But I think your caution about not assuming other people’s values is a good one, especially since I have a tendency to be the “lecturey older sister.” It’s good to keep in mind.

          • a single lady

            This. While this is less an issue with my siblings (I’m the oldest and the only unmarried one), I’d be pissed if my best friends (one male, one female), who are married (to opposite gender partners), said something like this to me. I’m single in my mid-30s, and I have no idea if this is a thing I’ll understand when/if I ever get married because I’ve spent a lot of time working on friendships in the absence of a partner. I can’t really imagine them not occupying the same place in my life in the future, at least not because I downgrade friendships that we’ve navigated as they’ve gained partners. So I may not be their primary person, but I know I’m their inner circle, and they are my primary people with whom I share news and get advice, because I don’t have some other person in that role. The larger point is that friendships works differently for different people, and it’s possible to value close friends at a level akin to, albeit different from, a partner.

          • Vanessa

            This. I have had some friends/coworkers say to me “you’ll understand when you’re married” and I immediately go into RAGE BLACKOUT mode. I’ve finally worked up the nerve to tell people how I feel about it when they say stuff like that.

        • Rose

          I don’t have any answers on the sibling thing, really–my sister isn’t younger (we’re twins, which is probably one of the reasons we’re so close), but she’s not married or in a serious relationship. I don’t want to not be as close with her as I have been, so it’s not quite the same thing. It seems to be working for us so far, but I do know that kind of unbalanced feeling, where I have the new baby family forming, and she’s not near that point right now. It’s not easy.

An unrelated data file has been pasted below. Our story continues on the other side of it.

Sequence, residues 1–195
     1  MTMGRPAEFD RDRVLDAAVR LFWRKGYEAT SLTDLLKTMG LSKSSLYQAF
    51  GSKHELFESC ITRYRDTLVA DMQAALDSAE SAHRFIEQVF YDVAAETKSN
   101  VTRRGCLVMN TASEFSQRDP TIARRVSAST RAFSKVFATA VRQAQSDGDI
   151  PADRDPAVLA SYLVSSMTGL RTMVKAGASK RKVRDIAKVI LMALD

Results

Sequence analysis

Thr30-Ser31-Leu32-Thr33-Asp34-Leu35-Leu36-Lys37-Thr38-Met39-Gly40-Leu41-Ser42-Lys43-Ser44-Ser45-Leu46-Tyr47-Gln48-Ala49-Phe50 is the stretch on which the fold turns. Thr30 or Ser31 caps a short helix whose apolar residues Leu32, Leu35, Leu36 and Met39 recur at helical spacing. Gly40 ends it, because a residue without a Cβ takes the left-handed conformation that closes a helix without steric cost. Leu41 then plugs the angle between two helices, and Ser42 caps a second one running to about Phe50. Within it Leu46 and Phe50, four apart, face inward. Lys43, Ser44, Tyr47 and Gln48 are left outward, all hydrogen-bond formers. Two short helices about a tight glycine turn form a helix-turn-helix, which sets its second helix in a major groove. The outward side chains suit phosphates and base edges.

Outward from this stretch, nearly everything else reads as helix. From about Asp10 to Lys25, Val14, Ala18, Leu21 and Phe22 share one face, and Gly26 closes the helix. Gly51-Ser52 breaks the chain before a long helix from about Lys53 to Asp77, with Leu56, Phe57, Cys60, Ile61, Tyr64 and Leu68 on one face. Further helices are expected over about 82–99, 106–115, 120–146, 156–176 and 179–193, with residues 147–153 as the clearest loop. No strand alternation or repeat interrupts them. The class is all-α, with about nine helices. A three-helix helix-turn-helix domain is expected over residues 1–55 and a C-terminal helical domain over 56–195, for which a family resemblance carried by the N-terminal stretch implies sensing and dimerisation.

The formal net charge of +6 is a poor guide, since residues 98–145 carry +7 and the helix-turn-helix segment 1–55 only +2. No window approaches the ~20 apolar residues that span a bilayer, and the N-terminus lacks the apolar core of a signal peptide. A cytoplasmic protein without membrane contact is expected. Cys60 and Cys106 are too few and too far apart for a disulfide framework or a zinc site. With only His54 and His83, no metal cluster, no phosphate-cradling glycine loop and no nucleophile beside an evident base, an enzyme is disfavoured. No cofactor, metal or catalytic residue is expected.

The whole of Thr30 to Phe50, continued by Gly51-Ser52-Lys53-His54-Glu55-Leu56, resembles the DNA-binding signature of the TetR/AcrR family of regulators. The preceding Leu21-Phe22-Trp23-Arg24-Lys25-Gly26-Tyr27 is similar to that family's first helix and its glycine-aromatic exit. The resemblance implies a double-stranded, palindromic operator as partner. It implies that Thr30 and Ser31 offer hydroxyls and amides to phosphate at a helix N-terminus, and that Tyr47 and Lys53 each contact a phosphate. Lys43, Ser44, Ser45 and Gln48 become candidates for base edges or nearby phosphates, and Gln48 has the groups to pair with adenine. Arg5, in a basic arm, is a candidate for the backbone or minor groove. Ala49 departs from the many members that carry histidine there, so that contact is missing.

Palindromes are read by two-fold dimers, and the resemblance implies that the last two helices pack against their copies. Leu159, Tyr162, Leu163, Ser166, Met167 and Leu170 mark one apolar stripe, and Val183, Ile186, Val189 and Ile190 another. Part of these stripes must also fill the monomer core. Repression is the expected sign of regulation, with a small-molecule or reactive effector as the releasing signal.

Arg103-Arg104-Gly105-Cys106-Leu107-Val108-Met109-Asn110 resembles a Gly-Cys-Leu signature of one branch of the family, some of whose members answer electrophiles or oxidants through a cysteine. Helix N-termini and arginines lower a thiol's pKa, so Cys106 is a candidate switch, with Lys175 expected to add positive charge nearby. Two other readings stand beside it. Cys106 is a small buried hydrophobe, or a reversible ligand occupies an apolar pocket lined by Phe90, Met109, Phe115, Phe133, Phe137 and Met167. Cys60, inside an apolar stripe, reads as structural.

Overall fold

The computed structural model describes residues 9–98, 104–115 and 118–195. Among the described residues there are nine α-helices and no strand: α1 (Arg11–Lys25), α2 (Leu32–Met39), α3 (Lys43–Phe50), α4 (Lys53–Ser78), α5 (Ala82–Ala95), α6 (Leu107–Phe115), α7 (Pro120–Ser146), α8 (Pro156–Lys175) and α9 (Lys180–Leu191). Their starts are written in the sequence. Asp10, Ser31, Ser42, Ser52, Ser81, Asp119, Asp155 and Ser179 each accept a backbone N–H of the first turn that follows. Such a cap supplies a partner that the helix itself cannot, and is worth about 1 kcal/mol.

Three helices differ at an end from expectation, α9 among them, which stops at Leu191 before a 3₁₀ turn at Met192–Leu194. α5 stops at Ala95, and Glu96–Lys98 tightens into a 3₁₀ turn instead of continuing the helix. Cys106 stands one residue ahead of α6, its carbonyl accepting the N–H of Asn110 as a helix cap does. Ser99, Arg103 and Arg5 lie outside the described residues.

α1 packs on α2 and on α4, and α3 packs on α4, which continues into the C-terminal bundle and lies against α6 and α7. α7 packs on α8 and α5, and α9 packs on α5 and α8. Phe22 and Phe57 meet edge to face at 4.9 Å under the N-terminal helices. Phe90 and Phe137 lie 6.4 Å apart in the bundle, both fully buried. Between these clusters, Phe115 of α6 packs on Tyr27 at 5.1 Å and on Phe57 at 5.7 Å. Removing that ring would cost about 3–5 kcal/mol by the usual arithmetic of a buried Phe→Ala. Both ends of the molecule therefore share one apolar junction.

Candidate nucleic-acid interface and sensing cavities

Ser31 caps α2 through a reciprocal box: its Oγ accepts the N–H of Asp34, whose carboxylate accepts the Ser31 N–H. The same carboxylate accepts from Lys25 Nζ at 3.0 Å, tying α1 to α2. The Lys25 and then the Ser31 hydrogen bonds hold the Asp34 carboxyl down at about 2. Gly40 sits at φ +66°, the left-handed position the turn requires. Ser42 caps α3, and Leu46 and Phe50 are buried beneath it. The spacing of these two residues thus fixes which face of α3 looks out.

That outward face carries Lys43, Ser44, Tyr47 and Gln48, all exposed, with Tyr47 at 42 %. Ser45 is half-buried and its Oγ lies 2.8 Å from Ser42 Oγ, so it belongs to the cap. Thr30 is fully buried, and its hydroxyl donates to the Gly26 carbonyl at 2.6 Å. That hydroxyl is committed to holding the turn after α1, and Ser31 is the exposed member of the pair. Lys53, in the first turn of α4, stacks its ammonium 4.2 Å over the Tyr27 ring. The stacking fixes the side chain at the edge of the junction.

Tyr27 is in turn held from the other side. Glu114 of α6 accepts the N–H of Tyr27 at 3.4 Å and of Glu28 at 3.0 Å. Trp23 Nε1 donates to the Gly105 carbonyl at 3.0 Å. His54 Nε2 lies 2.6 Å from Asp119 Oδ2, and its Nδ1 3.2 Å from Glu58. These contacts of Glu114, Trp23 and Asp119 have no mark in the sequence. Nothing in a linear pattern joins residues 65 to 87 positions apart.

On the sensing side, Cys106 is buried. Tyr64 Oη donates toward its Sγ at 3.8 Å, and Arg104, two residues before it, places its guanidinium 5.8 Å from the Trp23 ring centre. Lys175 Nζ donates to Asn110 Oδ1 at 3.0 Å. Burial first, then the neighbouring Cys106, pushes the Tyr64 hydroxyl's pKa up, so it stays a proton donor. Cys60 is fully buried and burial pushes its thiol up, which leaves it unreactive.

• chrissyc

            Yes, that’s exactly it–it’s this unbalanced feeling and it’s definitely new territory for us. I’m glad it’s working out for you, and you’re right, it’s not always easy.

    • EF

      my partner *isn’t* the first person i share news and fears and hopes etc with. my best friend is. my best friend is also a man, and attractive, and once upon a time freshman year of college i had a big old crush on him. but instead, we became incredibly close best friends.

      i don’t know that I’d stay friends with my partner if we broke up. It’s unlikely, because I’d probably move back to my home country rather than his. I can imagine being broken in a way where we could just never speak again. But with my BFF? Can’t imagine a world where we aren’t each other’s person, forever.